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10-year-old Texas girl dies from brain-eating amoeba after swimming in the Brazos River

An elementary school student in Texas died after contracting a brain-eating amoeba while swimming in a local lake, her family confirmed. CBS affiliate KWTX-TV reports that 10-year-old Lily Mae Avant died early Monday after being hospitalized at Cook Children's Hospital in Fort Worth over the past week.

According to KWTX, officials believe Lily contracted the brain-eating amoeba after swimming in the Brazos River over Labor Day weekend. Lily apparently fell ill with a headache and fever last weekend after swimming.

Doctors at Cook Children's determined she was suffering from primary amebic meningoencephalitis (PAM), which is an infection to the brain caused by the amoeba Naegleria fowleri, CBS Dallas/Fort Worth reports.

"The doctors told us there is nothing more that they can do for her and they have exhausted all resources due to the fact that this is such a fatal disease and it claims its victims so quickly," Lily's aunt, Crystal Warren, told KWTX. "For this to happen to her when there were so many other people in the same waters on the same days we just don't understand why it was her."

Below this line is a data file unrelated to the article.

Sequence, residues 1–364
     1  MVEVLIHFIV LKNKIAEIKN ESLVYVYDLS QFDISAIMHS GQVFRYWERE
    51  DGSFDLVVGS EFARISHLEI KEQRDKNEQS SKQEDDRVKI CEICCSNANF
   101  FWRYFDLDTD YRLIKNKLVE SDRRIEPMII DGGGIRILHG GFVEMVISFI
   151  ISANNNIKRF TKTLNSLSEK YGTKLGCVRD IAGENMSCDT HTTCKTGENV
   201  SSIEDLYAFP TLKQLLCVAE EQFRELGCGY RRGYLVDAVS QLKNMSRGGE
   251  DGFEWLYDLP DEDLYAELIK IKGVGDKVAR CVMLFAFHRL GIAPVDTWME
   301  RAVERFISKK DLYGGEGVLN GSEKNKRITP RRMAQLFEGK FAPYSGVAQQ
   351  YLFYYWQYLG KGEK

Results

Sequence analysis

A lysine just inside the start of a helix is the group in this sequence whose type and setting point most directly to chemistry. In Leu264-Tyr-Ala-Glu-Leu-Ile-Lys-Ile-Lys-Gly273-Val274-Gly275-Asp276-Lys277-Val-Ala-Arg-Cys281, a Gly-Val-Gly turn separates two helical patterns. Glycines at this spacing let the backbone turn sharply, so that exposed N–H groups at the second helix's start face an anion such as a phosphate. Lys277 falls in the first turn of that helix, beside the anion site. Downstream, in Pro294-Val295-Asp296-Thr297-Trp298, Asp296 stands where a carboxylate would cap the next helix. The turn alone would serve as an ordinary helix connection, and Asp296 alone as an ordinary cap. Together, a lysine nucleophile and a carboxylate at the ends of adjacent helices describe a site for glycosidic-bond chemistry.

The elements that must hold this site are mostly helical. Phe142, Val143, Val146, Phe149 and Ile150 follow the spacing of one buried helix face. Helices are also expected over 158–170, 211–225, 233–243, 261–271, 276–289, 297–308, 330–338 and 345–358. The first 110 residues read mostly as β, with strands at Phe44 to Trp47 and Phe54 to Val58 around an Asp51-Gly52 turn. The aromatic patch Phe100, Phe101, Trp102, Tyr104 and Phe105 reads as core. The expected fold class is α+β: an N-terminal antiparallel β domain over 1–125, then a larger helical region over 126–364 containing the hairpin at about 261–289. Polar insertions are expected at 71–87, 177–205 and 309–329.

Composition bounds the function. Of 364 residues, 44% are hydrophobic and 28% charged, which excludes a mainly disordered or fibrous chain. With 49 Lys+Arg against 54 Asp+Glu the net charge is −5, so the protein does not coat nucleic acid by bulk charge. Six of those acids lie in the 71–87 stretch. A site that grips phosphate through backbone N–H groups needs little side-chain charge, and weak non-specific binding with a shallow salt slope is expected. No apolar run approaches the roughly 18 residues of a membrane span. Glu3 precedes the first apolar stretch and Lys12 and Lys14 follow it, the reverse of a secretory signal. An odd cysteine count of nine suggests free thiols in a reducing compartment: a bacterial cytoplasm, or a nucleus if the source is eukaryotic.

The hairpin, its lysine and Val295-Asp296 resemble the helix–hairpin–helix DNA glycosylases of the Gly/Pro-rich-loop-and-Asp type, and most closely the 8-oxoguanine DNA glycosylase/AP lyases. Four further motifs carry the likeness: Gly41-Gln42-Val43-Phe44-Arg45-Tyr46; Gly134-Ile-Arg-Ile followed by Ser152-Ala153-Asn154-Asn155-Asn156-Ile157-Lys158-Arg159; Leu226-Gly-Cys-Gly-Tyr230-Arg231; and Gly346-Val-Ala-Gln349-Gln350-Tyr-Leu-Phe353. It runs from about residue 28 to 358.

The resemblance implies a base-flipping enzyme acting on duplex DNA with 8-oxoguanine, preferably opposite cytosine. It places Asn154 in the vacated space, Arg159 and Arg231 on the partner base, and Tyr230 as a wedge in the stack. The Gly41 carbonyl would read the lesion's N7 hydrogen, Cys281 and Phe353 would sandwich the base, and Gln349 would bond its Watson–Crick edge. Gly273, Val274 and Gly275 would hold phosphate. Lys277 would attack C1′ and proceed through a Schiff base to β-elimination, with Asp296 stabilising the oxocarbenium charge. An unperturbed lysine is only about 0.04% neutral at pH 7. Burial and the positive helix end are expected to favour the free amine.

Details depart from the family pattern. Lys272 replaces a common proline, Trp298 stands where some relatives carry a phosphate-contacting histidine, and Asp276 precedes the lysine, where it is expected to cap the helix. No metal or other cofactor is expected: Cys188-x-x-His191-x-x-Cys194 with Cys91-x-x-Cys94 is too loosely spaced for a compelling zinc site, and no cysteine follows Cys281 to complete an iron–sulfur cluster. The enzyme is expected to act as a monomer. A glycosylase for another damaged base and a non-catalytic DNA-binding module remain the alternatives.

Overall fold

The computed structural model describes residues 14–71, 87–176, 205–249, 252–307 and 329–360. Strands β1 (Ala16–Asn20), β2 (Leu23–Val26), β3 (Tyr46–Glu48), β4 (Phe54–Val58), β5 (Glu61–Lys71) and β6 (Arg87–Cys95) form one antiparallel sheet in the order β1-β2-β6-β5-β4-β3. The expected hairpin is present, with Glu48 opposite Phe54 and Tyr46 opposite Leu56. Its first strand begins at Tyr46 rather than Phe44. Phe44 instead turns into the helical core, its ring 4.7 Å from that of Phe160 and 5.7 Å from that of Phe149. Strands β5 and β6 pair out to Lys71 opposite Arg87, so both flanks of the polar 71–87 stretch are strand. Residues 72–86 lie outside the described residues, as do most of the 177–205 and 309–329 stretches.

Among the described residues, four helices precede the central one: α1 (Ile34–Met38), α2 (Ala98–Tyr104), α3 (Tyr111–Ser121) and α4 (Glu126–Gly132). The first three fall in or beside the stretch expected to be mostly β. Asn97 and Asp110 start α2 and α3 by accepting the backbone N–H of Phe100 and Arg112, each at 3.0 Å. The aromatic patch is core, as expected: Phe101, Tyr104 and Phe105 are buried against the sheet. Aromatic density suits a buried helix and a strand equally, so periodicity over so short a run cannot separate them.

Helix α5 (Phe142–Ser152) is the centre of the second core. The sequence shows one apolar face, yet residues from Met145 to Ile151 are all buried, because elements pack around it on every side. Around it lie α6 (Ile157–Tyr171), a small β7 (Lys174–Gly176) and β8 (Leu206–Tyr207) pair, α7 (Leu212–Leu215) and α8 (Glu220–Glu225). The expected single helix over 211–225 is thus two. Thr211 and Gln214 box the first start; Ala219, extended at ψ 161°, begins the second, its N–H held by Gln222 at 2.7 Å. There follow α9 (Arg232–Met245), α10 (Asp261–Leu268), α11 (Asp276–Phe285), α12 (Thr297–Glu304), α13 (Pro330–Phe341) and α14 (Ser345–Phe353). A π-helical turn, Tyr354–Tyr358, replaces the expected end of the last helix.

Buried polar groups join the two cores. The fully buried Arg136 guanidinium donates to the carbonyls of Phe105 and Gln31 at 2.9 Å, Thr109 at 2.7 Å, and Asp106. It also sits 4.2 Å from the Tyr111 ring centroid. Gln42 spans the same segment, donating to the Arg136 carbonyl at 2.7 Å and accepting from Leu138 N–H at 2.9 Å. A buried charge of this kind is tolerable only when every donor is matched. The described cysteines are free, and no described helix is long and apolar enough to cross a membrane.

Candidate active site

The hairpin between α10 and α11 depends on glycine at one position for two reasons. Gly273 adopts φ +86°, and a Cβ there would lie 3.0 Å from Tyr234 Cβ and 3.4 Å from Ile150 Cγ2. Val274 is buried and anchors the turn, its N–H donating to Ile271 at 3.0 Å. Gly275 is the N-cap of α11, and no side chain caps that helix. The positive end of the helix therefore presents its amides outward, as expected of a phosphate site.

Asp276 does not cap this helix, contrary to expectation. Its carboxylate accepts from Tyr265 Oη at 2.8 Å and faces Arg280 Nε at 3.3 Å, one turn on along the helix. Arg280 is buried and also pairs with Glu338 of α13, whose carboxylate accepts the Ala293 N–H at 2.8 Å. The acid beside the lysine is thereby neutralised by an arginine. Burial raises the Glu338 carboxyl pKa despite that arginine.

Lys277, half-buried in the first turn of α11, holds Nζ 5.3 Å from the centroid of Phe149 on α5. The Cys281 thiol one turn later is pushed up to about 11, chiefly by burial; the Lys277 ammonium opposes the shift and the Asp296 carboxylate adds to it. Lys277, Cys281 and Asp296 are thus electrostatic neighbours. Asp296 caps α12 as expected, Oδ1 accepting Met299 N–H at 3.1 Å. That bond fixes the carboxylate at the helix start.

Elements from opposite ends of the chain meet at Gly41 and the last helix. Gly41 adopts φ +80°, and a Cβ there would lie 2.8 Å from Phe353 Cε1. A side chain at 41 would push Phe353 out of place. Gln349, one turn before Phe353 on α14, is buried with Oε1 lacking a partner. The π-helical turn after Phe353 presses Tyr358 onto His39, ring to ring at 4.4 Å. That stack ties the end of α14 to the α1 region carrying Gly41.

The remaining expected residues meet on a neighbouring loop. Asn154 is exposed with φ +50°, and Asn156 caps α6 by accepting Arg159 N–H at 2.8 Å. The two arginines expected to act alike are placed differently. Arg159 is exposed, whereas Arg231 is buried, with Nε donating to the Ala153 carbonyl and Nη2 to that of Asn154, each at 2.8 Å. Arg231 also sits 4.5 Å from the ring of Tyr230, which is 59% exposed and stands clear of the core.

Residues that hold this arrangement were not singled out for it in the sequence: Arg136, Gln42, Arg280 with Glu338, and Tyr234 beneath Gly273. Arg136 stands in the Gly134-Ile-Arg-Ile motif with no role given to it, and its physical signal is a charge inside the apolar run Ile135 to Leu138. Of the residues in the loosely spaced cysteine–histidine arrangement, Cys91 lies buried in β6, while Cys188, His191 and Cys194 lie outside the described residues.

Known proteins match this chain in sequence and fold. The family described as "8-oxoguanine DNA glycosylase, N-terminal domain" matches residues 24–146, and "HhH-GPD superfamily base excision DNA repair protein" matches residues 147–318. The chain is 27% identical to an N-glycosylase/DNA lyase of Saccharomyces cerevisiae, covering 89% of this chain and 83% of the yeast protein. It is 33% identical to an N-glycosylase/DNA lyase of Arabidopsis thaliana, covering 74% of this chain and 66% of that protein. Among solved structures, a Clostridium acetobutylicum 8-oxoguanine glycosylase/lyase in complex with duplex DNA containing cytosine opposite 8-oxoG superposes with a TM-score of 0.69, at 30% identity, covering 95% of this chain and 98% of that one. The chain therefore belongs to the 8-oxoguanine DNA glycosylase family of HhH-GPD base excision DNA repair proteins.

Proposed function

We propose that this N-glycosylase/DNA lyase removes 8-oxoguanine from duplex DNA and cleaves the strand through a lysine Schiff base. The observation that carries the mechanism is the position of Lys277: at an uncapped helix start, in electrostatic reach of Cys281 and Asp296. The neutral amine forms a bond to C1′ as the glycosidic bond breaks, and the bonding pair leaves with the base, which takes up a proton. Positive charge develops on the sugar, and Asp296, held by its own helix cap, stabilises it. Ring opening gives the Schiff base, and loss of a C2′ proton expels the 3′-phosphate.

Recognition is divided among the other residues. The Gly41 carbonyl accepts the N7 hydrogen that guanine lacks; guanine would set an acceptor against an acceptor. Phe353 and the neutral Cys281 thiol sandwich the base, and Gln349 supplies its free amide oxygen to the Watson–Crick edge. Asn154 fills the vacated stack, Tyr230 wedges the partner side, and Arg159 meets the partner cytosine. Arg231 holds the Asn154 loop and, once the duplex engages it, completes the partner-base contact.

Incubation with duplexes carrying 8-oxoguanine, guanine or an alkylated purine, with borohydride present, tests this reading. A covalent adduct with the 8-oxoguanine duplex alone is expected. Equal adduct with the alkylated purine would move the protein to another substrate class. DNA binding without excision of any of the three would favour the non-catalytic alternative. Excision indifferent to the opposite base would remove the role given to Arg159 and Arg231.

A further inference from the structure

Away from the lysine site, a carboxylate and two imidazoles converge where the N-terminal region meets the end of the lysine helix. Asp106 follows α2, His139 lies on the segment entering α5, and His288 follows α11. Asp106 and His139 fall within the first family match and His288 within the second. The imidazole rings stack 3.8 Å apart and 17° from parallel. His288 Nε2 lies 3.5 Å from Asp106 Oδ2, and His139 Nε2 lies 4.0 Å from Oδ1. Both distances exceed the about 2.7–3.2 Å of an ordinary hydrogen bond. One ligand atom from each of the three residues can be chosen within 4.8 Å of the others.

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Lily Mae Avant Family Photo via KWTX-TV

Lily attended Valley Mills Elementary School. Her classmates in Whitney Texas observed a two moments of silence for her Friday.

CBS News has previously reported on deaths caused by Naegleria fowleri, which can lead to a condition called primary amebic meningoencephalitis (PAM). This disease of the central nervous system is almost always fatal.

Only four people in the United States out of 143 have survived infection from 1962 to 2017, according to the CDC. The amoeba affects people when contaminated water enters the body through the nose and works its way into the brain. A person cannot get infected from swallowing water contaminated with Naegleria fowleri.

Naegleria fowleri is commonly found in southern U.S. states during the warm summer months. However, recently it has also been found and caused infections in some northern states. While infection is rare, people should be aware of the low-level risk while swimming in fresh water lakes, rivers, and hot springs.

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